Dollar Scholar Asks: How Should I Prepare for a Recession?
This is an excerpt from Dollar Scholar, the Money newsletter where news editor Julia Glum teaches you the modern money lessons you NEED to know. Don't miss the next issue! Sign up at money.com/subscribe and join our community of 160,000+ Scholars.
Growing up, my family was big on Scouting. As a Girl Scout, I recited the "Promise," hot-glued SWAPs and collected badges with the best of them. But because my brothers were in Boy Scouts, I got that experience, too. Like building Pinewood Derby cars and attending countless courts of honor.
Girl Scouts and Boy Scouts are different in a lot of ways — for one, girls don’t generally make flamethrowers with Axe body spray on camping trips — but they do share a mission. Both branches emphasize preparedness: the idea that I should equip myself so as to be ready to deal with whatever happens next.
Now that I’m an adult who buys her Thin Mints instead of having to hawk them in front of a grocery store, I’m trying to apply that “be prepared” motto to my finances. I’ve been reading a lot of concerning headlines lately about how a recession is either looming or already here, and it’s making me nervous.
How can I prepare for a recession?
First off, let’s be clear: The U.S. is not officially in a recession right now. Though the commonly accepted definition of a recession involves two consecutive quarters of negative gross domestic product growth — which happened earlier this year — there’s a body of experts at the National Bureau of Economic Research that declares when the country is in a recession.
As of now, that group has yet to formally do that.
But folks are talking about it nonetheless.
“It’s unavoidable news,” Monique White, head of community at Self Financial, tells me via email. “When you turn on your television, you see it. Or even scrolling through social media apps like Twitter or TikTok, it’s the main topic of concern.”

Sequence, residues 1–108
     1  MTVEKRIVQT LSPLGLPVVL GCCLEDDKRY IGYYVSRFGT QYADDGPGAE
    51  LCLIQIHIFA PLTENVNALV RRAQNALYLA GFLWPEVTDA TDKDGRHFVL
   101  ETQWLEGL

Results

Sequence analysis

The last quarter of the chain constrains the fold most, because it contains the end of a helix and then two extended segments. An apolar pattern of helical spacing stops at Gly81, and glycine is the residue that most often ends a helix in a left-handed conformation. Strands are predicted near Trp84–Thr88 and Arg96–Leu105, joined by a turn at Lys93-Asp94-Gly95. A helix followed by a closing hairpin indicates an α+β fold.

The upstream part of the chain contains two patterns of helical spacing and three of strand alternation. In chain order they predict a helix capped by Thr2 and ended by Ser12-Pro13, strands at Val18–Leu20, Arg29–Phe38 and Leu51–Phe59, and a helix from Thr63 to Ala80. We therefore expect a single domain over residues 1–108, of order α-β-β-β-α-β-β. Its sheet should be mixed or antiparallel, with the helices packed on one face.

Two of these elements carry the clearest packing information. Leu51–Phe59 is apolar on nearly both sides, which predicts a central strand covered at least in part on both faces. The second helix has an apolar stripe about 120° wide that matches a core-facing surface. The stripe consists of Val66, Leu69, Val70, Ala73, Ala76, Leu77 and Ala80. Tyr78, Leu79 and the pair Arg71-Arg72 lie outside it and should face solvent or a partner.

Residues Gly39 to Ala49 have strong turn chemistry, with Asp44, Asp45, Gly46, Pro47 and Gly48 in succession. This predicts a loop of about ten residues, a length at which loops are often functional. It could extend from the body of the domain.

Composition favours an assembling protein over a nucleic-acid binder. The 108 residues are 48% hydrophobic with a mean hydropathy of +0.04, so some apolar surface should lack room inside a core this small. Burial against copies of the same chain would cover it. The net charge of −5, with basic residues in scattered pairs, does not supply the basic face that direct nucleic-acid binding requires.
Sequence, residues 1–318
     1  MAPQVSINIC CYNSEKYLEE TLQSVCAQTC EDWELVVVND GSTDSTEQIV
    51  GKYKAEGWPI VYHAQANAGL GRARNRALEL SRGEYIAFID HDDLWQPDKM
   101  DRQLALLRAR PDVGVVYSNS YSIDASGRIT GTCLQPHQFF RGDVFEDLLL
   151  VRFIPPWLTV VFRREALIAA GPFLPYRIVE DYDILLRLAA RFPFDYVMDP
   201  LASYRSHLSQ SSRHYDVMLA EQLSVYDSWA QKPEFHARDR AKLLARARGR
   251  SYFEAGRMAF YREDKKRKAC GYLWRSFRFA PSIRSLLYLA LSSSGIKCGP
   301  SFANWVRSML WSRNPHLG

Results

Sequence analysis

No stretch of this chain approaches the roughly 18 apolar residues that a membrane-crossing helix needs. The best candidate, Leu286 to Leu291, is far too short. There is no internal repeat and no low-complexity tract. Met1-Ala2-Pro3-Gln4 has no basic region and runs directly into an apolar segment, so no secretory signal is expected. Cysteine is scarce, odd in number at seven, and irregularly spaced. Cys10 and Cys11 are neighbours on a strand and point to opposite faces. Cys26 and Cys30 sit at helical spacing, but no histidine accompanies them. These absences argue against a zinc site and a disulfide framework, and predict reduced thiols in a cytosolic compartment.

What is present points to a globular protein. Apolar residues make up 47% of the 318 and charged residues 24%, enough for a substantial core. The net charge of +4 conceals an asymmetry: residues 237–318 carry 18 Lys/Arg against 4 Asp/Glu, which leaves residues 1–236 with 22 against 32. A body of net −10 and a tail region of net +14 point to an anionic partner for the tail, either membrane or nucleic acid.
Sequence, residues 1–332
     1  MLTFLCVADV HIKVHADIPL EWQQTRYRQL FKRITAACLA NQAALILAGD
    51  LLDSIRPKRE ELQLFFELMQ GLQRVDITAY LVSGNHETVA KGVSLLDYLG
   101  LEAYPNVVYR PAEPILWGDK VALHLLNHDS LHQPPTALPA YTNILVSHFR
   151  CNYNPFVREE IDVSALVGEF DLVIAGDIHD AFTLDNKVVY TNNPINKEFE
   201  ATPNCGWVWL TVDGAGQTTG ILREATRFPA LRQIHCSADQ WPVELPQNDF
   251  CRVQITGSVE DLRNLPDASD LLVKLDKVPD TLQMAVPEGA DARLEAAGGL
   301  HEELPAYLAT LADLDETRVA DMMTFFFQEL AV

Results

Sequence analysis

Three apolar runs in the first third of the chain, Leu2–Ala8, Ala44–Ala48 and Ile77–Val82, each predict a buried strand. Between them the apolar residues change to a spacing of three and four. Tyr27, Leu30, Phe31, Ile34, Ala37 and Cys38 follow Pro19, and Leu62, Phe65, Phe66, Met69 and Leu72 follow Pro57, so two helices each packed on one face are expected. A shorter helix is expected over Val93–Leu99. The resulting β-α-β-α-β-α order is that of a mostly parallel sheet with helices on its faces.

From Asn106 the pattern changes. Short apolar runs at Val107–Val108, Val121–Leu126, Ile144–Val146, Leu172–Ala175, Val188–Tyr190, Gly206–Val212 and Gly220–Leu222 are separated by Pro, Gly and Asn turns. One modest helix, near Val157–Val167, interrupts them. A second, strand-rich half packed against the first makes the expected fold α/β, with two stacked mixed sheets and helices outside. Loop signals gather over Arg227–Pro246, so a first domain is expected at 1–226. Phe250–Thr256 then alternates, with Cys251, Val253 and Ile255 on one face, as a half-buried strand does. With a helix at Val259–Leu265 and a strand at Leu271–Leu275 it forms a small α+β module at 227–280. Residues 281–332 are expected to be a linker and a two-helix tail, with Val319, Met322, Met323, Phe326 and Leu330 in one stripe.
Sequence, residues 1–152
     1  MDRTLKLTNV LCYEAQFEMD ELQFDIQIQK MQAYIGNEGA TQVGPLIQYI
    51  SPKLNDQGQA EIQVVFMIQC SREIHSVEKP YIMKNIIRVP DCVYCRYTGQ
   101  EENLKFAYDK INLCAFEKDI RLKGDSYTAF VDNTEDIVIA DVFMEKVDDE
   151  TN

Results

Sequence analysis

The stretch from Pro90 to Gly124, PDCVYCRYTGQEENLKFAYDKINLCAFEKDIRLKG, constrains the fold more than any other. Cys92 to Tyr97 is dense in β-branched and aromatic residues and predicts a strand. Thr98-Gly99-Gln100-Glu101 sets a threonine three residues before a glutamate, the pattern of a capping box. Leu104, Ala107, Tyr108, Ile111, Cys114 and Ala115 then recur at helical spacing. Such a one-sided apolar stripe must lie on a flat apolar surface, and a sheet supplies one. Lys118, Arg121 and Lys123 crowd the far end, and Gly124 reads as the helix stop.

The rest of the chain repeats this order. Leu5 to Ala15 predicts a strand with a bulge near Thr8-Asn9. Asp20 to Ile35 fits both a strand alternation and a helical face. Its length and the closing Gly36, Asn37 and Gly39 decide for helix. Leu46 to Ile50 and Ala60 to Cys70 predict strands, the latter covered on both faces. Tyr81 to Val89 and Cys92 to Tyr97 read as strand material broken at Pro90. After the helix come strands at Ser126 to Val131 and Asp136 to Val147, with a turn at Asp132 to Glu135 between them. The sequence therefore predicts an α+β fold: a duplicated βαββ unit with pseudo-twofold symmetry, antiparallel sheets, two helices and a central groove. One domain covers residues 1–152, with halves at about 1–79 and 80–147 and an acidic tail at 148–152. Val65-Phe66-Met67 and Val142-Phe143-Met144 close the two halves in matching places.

All that chatter can lead to anxiety. She says that Americans living paycheck to paycheck, job-hunting or eyeing a big purchase may particularly fear an economic contraction because it can jeopardize their plans.
“People don't like the word ‘recession’ — especially some people that experienced [the downturn in] 2008,” says Leo Chubinishvili, a certified financial planner with Access Wealth in New Jersey. Making matters worse is the fact that “we’re dealing with high inflation, which puts a lot of stress on individuals, families and investors,” he adds.
Preparation is key. Chubinishvili says I should imagine the “worst-case scenario” and plan around it. For instance, recessions are often accompanied by a spike in unemployment. If I lose my job, how will I pay my bills?
To mitigate this, he suggests I set up an emergency fund with three to six months’ worth of expenses in cash set aside (a high-yield savings account is a good spot to park it). That way I can still make ends meet if I need to find a new job.
Next, I should create a budget. White says this can be as easy as looking at my monthly bank statement and analyzing my spending habits. She recommends identifying which expenses I can cut down so I can increase my cash flow. Are there unused subscriptions I can cancel? Are there habits I can change?
While I’m taking stock of my finances, I should keep an eye on my debt. It’s easy in a recession to resort to using credit cards to cover daily expenses, but I don’t want to dig myself into a hole.
“With interest rates rising, and minimum monthly payments going up, missed credit card payments can do far more damage to your credit score than many assume,” White adds.
If I have existing debt, I should prioritize paying off obligations with high interest rates (like credit cards). If I’ve been a good customer for a long time, she says, I might even be able to ask my lender if I can get a lower interest rate.
It’s also important to avoid taking unnecessary risks, Chubinishvili says. Now is not the time to splurge on a fancy new car or start day trading. Investing is a smart move, as stocks are essentially on sale right now, but I should remember my time horizon and try my best not to get spooked by market volatility.
“You have to stay invested,” he says. “If you sell now, you will lock in your losses.”
White adds that I should invest in myself, as well. If I’m worried about my career, why not learn a new skill or get a new certification that will make my resume stand out?
The bottom line
We’re not in a recession yet, but it can’t hurt for me to get my proverbial ducks in a row now. I should bulk up my emergency fund, create a budget, curb my spending, watch my debt and invest — all while keeping a cool head.
"Preparing yourself for a potentially more expensive world is a good thing to do," says Jason Wilk, CEO of mobile banking app Dave.
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